23201a - trying to do a loopback test

What I want to do is read the output of a depth sounder, which is 4800 baud RS-232 data. I will be reading it with an Arduino. But before doing that, I want to make sure I have the serial interface correct, so I am hooking it up to my FTDI cable. And just as a quick sanity test before hooking up an external source, I tried a loopback test by connecting Rx to Tx, typing characters in a terminal program and looking for echoes. It fails when Rx and Tx looped back on the DB-9 but works if I remove the 23201a and just connect Rx to Tx to loop back FTDI. So my terminal program works fine for this test and my FTDI cable sends and receives data just fine (I use it often for programming; it works).

What I have is an FTDI cable to a small breadboard. In description that follows, colors are FTDI standard; abbreviations are on the 23201a. Black->GND, Red->VCC. I looped back pin 2<->3 on the DB-9 and tried Yellow to RX, Orange to TX. I get nothing. I tried switching Orange to RX, Yellow to TX. Nothing. I unplug the 23201a from the breadboard and loop from Orange to Yellow and I get echoes. So my FTDI loopback works. What does the 23201a need besides VCC, GND, RX and TX?

For reference, below is the standard FTDI pinout. Source: http://www.ftdichip.com/Products/Cables/USBTTLSerial.htm
1 GND GND Black Device ground supply pin.
2 CTS# Input Brown Clear to Send Control input / Handshake signal.
3 VCC Output Red +5V output,
4 TXD Output Orange Transmit Asynchronous Data output.
5 RXD Input Yellow Receive Asynchronous Data input.
6 RTS# Output Green Request To Send Control Output / Handshake signal.


It seems like you might be misunderstanding the point of our RS-232 adapter, which is for connecting a computer serial port to a logic-level device, such as your FTDI adapter. If your depth sounder is a device that also connects to a computer COM port, you might not have the necessary connections for it to work (there are 5 lines going one way and 3 going the other way). If all you need is the serial lines, this should still work. However, you have to pay attention to the directions of the TX and RX lines, and just trying it both ways is almost guaranteeing you’re going to destroy something. It sounds like your initial connection was Tx to Tx, which is wrong; you have to connect transmit to receive.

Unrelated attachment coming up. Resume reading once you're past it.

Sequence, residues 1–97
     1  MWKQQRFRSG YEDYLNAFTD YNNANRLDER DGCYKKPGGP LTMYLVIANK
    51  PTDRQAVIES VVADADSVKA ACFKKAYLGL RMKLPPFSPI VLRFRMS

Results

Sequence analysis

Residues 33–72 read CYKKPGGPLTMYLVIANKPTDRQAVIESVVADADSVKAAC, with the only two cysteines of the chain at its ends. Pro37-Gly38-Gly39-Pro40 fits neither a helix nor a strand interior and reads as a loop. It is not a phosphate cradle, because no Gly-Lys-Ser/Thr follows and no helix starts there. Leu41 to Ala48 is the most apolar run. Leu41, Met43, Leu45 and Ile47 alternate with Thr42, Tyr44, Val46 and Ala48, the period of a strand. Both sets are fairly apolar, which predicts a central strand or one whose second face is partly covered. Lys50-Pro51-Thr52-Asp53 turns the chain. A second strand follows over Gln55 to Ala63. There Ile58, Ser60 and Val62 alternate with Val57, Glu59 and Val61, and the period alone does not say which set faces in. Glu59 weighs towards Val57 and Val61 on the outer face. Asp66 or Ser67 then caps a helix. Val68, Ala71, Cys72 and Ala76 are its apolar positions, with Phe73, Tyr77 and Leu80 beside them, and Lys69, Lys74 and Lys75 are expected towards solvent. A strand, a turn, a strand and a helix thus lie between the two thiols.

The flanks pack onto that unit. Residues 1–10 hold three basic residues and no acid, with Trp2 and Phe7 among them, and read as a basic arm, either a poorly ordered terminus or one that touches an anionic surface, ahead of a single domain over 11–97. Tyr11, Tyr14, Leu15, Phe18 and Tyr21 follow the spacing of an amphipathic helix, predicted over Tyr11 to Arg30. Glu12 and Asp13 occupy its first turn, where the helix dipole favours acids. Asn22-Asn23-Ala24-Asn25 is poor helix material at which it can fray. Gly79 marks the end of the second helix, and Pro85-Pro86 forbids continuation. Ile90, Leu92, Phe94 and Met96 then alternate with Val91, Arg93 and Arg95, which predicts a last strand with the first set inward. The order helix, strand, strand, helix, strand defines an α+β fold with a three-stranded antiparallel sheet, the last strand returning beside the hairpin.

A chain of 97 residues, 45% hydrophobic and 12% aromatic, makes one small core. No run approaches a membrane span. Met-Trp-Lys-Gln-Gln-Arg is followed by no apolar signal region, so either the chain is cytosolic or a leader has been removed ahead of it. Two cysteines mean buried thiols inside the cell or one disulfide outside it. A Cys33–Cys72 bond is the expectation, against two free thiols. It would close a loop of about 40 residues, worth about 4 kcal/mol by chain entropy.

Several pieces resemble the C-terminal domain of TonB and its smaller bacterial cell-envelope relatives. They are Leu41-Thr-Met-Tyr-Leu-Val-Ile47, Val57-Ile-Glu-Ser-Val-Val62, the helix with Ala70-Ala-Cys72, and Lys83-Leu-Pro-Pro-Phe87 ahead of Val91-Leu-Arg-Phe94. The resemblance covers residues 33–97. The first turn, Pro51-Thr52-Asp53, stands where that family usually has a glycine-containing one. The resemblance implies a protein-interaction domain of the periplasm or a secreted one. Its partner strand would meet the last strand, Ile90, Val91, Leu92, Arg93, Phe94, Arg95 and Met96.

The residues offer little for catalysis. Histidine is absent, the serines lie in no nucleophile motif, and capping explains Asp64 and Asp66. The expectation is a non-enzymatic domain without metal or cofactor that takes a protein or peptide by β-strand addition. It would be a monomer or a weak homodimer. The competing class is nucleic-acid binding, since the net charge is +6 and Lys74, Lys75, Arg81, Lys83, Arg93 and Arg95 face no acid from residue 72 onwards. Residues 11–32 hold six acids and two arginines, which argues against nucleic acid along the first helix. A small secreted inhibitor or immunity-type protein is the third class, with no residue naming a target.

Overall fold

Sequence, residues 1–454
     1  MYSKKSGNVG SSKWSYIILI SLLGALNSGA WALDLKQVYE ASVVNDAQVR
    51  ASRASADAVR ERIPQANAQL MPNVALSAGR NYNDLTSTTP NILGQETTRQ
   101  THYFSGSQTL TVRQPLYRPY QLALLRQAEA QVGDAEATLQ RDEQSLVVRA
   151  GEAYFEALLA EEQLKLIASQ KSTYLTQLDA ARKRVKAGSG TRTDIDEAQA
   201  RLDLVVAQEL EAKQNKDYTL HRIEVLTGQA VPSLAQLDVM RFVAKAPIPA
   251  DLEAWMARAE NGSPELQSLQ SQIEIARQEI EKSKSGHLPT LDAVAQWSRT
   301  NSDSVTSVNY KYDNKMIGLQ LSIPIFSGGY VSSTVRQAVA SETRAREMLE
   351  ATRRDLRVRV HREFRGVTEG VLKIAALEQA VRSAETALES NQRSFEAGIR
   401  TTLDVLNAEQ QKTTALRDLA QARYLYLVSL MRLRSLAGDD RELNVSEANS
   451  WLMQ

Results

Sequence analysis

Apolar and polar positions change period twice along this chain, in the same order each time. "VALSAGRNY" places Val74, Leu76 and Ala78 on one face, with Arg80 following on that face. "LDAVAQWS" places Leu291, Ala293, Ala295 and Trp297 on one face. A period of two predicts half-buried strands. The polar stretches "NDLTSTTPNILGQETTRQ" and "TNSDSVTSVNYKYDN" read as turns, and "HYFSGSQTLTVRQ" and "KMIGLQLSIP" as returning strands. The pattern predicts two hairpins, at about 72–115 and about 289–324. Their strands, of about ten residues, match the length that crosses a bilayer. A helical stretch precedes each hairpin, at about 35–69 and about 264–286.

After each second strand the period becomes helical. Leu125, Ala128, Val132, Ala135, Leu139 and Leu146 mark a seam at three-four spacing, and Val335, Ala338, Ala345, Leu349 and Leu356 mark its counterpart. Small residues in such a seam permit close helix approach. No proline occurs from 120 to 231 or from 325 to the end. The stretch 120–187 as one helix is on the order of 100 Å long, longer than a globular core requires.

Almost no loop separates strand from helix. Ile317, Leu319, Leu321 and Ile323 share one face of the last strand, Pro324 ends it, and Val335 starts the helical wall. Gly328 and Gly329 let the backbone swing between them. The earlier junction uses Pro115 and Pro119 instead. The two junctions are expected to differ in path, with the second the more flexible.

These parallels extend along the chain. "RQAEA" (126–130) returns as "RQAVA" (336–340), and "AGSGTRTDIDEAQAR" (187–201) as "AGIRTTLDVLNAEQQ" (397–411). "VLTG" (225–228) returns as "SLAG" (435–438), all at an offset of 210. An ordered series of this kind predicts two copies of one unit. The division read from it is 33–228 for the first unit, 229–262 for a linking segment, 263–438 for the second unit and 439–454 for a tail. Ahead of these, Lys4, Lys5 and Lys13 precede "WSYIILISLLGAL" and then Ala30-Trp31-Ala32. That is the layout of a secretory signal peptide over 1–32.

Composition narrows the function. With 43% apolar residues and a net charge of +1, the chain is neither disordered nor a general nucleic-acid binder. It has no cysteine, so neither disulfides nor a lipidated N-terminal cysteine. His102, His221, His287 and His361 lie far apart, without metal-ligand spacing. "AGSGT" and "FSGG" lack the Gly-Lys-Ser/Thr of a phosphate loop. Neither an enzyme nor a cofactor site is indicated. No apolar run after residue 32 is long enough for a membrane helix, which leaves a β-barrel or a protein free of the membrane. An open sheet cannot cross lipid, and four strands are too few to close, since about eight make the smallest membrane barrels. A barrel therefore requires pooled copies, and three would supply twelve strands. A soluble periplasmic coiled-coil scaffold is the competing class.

- Jan

Yes, all I need is serial lines. Tx and GND is all the depth finder provides. But until loopback is working, lets not worry about that.

I am just trying to use the FTDI to assure myself the serial data is coming in as expected before I wire it to the Arduino. I did the same thing with a GPS module - first I wired it to my FTDI cable on the breadboard and saw I was getting data and then I wired it to the Arduino. Now I am doing the same test with the depth finder, only first I have to get the RS-232 adapter working. A simple loopback will assure me it does.

Anyway, let me repeat my question:

I really expected loopback to work with only those four lines connected and pin 2 shunted to pin 3. it does not. Do I need to hook up something else?

Sorry I didn’t answer the question. Yes, those four connections should be enough. My point was that you could have destroyed it with the bad connections to TX and RX (the RX-RX connection should be okay). You might also consider doing the test the other way around, with a DB9 connection to a COM port on you PC, and then connecting TX to RX on the logic side.

- Jan

Seriously? I have been dealing with serial connections for over 30 years. Trial and error to get Tx/Rx right is SOP because they are often backwards (depending on your POV) and I have never before encountered a device that could not handle having them swapped. The data just doesn’t go through and you try it the other way. But your part doesn’t work, so it must be the customer’s fault. Too much power or raw voltage to the wrong pin is another matter. This is the second Pololu part that has failed on me when wired according to spec and the second time I have been accused of destroying it. I sense a pattern.